By Veronica Craker, Class of 2020
There were many 2020 NNU graduates who were unable to return to the Boise Valley for the rescheduled commencement ceremony held on Labor Day weekend. But for one student, Thomas Ofori Agyei, there was never any plan to travel that far. That’s because Agyei obtained his Master of Education degree while living in Liberia. Despite never stepping foot on campus, Agyei became connected to the university when his path crossed with NNU professors. They heard his story, and after working with him, encouraged him to pursue his graduate degree with NNU.
“Thomas is an amazing young man,” Eric Keller, education and global outreach professor, said. “Most of us would see the circumstances in which he is living as an impossible situation. Survival would be our priority, but Thomas has gone beyond survival and sees hope for his nation.”
A faraway land
Thomas Ofori Agyei is the fifth of six children born to Eugene Agyei Atakora and the late Agnes Amankwa Agyei. He was born in the rural area of Bepong in Ghana before migrating to Accra, the capital of Ghana.
“We resided in five different communities until I left home,” Agyei said. “Living in Accra from age 10 was a fulfilled dream. The place looked beautiful compared to Bepong—my hometown.”
Agyei grew up in an area where he was in constant contact with people from different backgrounds. He says he enjoyed learning about different cultures. When he was 15-years-old he found himself being drawn to Christ while attending youth camp meetings at the Presbyterian Church of Ghana.
“I found myself deeply involved in what has to do with the Bible and church activities,” he said.
Eventually, he would go on to college, earning his degree in agriculture at Kwame Nkrumah University of Science and Technology. Following the completion of his degree and required national service in 2016, he decided to move to Liberia to teach.
“A decision friends and family have never embraced, but [I] know it’s divine,” Agyei said.
The Nazarene network
In 2016, Agyei met Gary Friesen, executive director for Innovation Education International (IEI). That partnership would ultimately lead him to NNU. Friesen and the IEI director approved his volunteer service in the Samuel Morris Scholars Program. Two years later he would meet Dr. Kellerer and Friesen when they went to Liberia. Agyei was hired at IEI in 2017, but less than a year later he informed them he would be moving to China to pursue a master’s degree. That’s when Friesen stepped in and suggested he pursue the online M.Ed. in Curriculum, Instruction and Innovation at NNU.
“I began reading about NNU,” Agyei said. “I liked how simple and detailed information on NNU’s websites looked. Fortunately, I got admission and enrolled in NNU on January 14, 2019. Gary and Eric helped in many ways. Getting financial aid, receiving handheld recommended books a semester ahead for future courses are a few of the roles they played. Calling them bosses gives me joy.”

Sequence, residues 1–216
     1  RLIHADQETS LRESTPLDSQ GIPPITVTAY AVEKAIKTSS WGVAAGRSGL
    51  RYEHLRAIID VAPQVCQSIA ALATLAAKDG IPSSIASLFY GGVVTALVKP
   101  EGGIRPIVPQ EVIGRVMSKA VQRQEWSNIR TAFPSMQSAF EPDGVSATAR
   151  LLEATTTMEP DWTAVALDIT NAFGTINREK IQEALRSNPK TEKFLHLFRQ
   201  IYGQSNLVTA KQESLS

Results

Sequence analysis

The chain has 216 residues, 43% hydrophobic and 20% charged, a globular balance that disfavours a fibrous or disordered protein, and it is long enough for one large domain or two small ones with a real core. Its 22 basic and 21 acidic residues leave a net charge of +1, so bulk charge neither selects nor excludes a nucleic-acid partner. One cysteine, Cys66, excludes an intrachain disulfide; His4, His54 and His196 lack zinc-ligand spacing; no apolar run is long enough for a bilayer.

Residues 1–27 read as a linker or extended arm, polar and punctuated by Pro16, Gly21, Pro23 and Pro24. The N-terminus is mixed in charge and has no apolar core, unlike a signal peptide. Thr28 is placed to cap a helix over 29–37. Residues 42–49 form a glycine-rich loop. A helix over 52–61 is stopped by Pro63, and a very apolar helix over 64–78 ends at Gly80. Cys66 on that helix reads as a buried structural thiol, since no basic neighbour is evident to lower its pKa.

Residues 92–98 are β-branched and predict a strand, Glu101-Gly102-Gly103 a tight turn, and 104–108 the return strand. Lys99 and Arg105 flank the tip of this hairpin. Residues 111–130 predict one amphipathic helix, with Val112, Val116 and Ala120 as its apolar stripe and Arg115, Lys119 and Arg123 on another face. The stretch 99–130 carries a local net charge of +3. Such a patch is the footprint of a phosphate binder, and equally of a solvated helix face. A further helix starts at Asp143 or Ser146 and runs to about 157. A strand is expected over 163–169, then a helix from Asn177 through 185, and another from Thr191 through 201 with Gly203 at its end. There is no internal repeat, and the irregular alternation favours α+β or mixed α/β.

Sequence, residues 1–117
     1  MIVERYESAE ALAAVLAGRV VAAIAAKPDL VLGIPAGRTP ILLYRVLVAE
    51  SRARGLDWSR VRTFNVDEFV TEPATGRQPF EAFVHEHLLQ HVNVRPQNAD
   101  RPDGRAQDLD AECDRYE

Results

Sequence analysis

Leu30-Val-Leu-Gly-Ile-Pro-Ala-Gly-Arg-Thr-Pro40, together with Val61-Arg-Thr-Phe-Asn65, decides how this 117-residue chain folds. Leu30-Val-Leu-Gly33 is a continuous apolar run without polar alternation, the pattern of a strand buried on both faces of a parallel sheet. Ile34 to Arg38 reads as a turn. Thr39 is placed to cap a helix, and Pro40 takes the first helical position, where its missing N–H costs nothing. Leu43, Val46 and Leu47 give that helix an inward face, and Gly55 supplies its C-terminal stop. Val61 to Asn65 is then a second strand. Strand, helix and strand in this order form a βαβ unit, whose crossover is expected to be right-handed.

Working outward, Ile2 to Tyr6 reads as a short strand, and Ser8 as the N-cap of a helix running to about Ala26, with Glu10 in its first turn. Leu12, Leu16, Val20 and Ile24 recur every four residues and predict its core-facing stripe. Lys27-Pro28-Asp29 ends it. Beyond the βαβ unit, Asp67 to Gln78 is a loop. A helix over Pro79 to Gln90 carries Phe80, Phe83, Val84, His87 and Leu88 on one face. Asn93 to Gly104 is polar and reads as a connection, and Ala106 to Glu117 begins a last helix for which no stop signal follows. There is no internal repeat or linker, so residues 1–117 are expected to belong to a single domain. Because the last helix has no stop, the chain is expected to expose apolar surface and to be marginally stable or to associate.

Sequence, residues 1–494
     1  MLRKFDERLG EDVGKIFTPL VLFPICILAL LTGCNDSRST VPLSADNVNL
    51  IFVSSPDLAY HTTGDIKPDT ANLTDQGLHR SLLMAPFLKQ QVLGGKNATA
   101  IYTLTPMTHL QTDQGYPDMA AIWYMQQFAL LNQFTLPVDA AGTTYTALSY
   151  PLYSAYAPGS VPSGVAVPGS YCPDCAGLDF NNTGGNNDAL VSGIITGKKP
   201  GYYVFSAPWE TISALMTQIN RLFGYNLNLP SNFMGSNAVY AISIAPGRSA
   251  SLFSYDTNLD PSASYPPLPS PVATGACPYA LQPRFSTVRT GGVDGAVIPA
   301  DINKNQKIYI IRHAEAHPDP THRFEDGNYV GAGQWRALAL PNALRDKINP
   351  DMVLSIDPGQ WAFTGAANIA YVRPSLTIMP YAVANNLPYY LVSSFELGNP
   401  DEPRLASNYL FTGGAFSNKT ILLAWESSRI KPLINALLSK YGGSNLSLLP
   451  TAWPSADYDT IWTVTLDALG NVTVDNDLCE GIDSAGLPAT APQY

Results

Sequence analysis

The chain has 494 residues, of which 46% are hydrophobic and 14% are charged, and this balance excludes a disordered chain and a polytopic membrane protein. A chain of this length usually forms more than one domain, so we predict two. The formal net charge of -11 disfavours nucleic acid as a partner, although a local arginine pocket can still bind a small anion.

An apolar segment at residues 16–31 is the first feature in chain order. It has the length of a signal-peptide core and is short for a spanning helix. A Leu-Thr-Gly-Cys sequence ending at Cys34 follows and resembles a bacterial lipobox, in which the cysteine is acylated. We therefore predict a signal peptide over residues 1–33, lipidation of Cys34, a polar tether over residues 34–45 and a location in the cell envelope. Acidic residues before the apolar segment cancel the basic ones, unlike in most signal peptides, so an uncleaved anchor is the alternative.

With a focus on high-quality instruction, instructor leadership, innovation, personal reflection, and research practices and applications, the M.Ed. in Curriculum, Instruction and Innovation equips graduates with the appropriate skill sets needed to access and effectively use technology and resources in today’s dynamic learning environments. The objective is to develop attitudes and practices that prepare educators to remain current and effective in an ever-changing world.
Agyei says he enjoyed learning from all of his professors but credits Dr. Amy Ackley, assistant professor of education, with being his mentor. He often struggled with power outages and unreliable internet connections. He says Ackley and his other professors took the time to help him get through the technology issues of completing the program online. In time he was able to gain a great deal from his courses.
“Everything Thomas learned, he immediately would go and implement, even when it meant pushing against barriers and the ‘status quo' of his country,” Ackley said.
Today, Agyei teaches Agriculture, Mathematics and Chemistry in grades seven through 12. He says earning his M.Ed. in Curriculum, Instruction and Innovation is a dream come true and is one step closer to him becoming a college professor, which is his ultimate goal.
“Thomas has been an incredible asset to our IEI team of nine nationals in southeastern Liberia,” Friesen said. “His love for Christ, humility, Spirit-filled character and competence have impacted every aspect of our program. In the eyes of the world, Thomas has given up much to leave his middle-class life in Ghana to follow God’s call to serve in this remote region of one of the poorest countries in the world.”